My last night at the conference I went up to a mountain with women of God, servants of Christ, and sat beneath a cross. We prayed, like warriors in battle we prayed as the sun sank below a jagged horizon. As night threatened to engulf us like the dark spiritual cloud fighting against my surrender, light prevailed through the stars and the moon and the faithful hearts of those in battle around me. Everything in me said it was impossible, that Jesus wouldn't set me free no matter how desperately I asked. The pain wrapped around my heart like a talons, digging deeper and deeper into my heart while I watched Jesus grieve for me, my six-year-old self shackled in chains used to anchor ships in a valley of bones... and then it happened.
I broke, and I begged. I wept, pleading for Jesus to help me, to set me free from this root that permeated the very soil in which I was trying to plant.
When he touched the chains, they broke like rubber bands snapping beneath the slightest touch. He swept me up like a child finally found, and held me, my arms around his neck, my tiny legs wrapped around his waist, the chains piled uselessly in the valley while he carried me away.
I was free.
I've had days to consider why this battle was different than any other. Why now? What made this one so much more real? Why does it feel like I could slide right back into slavery at the merest whisper? What do I need to carry with me as I continue fighting the spiritual battle?
1. I had four women in battle, warriors beside me so I could be healed (James 5:16). They didn't pray after we went down the mountain, and they didn't sit in silence beside me while I suffered. They strapped on the armor of God and fought beside me. They fought for me.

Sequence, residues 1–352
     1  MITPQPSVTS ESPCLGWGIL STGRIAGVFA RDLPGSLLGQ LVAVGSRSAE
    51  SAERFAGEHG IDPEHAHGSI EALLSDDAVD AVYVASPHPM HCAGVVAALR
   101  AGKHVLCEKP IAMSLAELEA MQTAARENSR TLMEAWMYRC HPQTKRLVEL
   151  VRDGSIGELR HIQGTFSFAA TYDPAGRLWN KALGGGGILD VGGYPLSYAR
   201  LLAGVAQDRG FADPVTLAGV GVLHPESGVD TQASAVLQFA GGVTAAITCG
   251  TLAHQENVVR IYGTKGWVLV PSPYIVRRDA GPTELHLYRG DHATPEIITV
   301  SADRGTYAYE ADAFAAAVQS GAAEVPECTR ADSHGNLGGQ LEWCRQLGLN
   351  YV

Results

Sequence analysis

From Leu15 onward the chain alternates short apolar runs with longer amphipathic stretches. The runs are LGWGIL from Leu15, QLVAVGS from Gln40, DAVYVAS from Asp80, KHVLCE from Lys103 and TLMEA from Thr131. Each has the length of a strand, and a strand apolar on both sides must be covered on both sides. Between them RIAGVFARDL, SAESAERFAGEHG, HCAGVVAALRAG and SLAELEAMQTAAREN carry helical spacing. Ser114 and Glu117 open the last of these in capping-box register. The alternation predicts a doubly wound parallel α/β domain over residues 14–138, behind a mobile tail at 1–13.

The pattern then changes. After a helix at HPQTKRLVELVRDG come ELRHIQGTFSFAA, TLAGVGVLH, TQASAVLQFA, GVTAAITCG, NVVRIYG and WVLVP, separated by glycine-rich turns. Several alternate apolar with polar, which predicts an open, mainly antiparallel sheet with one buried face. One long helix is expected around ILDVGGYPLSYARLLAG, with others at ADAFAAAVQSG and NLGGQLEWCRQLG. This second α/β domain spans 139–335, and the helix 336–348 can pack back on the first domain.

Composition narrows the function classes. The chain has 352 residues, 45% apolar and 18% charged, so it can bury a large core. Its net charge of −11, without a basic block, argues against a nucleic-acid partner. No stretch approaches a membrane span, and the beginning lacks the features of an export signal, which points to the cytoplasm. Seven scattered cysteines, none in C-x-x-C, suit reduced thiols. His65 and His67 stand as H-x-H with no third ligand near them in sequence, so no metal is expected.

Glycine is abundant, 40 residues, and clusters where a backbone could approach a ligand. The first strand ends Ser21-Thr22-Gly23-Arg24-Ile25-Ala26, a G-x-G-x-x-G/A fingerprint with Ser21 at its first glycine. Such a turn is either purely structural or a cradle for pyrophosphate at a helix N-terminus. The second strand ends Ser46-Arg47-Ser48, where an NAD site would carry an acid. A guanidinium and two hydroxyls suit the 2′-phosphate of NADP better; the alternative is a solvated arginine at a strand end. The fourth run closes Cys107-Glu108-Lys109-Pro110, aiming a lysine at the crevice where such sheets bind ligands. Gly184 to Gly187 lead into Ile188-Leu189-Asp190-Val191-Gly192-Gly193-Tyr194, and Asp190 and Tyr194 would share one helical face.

2. I believed I could be healed, truly, and I asked to be healed (Matthew 21:22). I asked for healing in the past, but I always believed it would be granted eventually rather than be granted when I asked for it. I asked expecting to be told to wait, or to be told 'no' rather than asking in faith.
3. I laid my heart bare before Jesus in a way I hadn't before. I held nothing back. I held no fear in what I lay before him and invited him to fill every part of my life. Nothing hidden, nothing held back. The things I tried to keep separate from him I gave him that too (John 14:23).
Every day I have to continue to take time to be still and listen. Remember. Be honest with myself and not make any excuses about where my heart or mind are going. To take captive these thoughts and make them obedient to Christ. It's work, but it's worth it. The battle is still ahead, but I feel far better equipped to fight it than I did a week ago.
Things are different. I've begun to see it. As I take time to be still and ask the Spirit what he wants me to do or say, I find him answering. When I obey, no matter how strange it might seem, he's louder and clearer the next time. It doesn't mean life is smooth sailing, but it means instead of focusing on the waves I can keep my eyes focused on the one directing the storm. With my eyes up, the tide might be at my chin but I can trust it will come no farther. I can even enjoy the sun on my face.
Just a few of God's prayer warriors during my journey.
L to R: Kim Meeder: founder of Crystal Peaks Youth Ranch, me, Katie Jacobsen: Public Relations director, Judy Jeffrey: assistant to the founders